Sandy Park has been transformed by this man and his teams. No better an accolade can he receive for his work than to host World Cup games there this year.

There was a game towards the end of the season last year that took £126,000 over the bar. I’d wager there’s going to be more than £11 a head going through those tills this September.

“When you come here it feels like a rugby club that is enjoying being in the Premiership,” says Baxter.

“We are fantastically located within the country to bring World Cup games to a hotbed of rugby. The whole package to have a World Cup game here is first class.”

But how long are you going to be here? I ask. What about the rumours about the England job?

He laughs. “I have just started a three-year contract and I am in no rush to get away from Exeter. I am a proud Englishman and I’m never going to say that I never want to coach my country, of course not, but at the end of the day that is not the most important thing to me. As I said, my emotional buy-in is to Exeter.”

So what would you say to the England team in this World Cup even if you’re not coaching them? It’s no surprise to hear the core advice in his reply: “There are a handful of countries that can have genuine aspirations to win the tournament and England are definitely one of them. England will just have to harness the emotional power that a home World Cup can bring.”

Ten things Rob Baxter loves about living in Devon

1 The people (My whole family live in Devon, although my Mum and Dad were born in Lancashire they met and married in Devon and raised their family here. I was born here as was my wife, Jo, and children, Jack and Annie. We are proud Devonians; I think it says a lot about us Devonians that so many people find they want to stay here once they visit!).

2 Countryside (I have been a farmer longer than I have been involved with professional sport so I have a great appreciation of being out on the land and it is still great to stop and just look over the farm and the surrounding fields).

3 Beaches (I used to spend a week every summer with my grandparents in Braunton and I have grown to love the beaches up there, as a family we have had some great times in North Devon.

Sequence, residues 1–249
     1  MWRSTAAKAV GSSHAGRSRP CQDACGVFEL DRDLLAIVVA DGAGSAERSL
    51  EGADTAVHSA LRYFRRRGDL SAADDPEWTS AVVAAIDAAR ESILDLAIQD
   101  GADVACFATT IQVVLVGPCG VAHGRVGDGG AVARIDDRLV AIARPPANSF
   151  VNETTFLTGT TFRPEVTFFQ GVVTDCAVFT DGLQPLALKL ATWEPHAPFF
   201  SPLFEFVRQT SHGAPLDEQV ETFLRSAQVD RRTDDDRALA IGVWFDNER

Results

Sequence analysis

4 The weather (The more I have to travel around the country, the more I appreciate those few extra degrees of warmth that we always have. The players who move down here notice it straight away).

5 Food and drink (Exeter and the surrounding area have some great restaurants and pubs and the best use local produce. Particular favourites are Paul Parnell’s restaurant, The Jack in the Green in Rockbeare and La Petite Maison in Topsham.

6 The Exeter Chiefs (It goes without saying that the club has been a huge part of my life and to see so many people getting the enjoyment they do from supporting and following the club is very satisfying).

7 The City (I think Exeter is just what you want a city to be, it isn’t so big that people get lost in the hurly burly and things get swallowed up but at the same time you can wander around and find pretty much anything you want. Places such as the Quay just add to the appeal).

8 The rugby community (A lot of people are probably unaware just how many people contribute their time to the sport all over Devon at all different levels of the game, it is rare that they are not good people and rugby clubhouses are some of the most welcoming places you will ever experience).

9 The villages (Is there anything better than going for a short drive and suddenly discovering some of the beautiful villages that abound in Devon, often just minutes away from the bigger towns and cities? Many of the Exeter Chiefs rugby staff and players are now settled in these places that have their own communities, with plenty of social events, pubs, cricket teams, primary schools etc and they love it).

10 Protecting the rest of Britain from Cornwall! (This is a bit tongue in cheek but I work with and coach several Cornish people and I always feel that us Devonians are responsible for providing the buffer between mainland England and these odd people!!)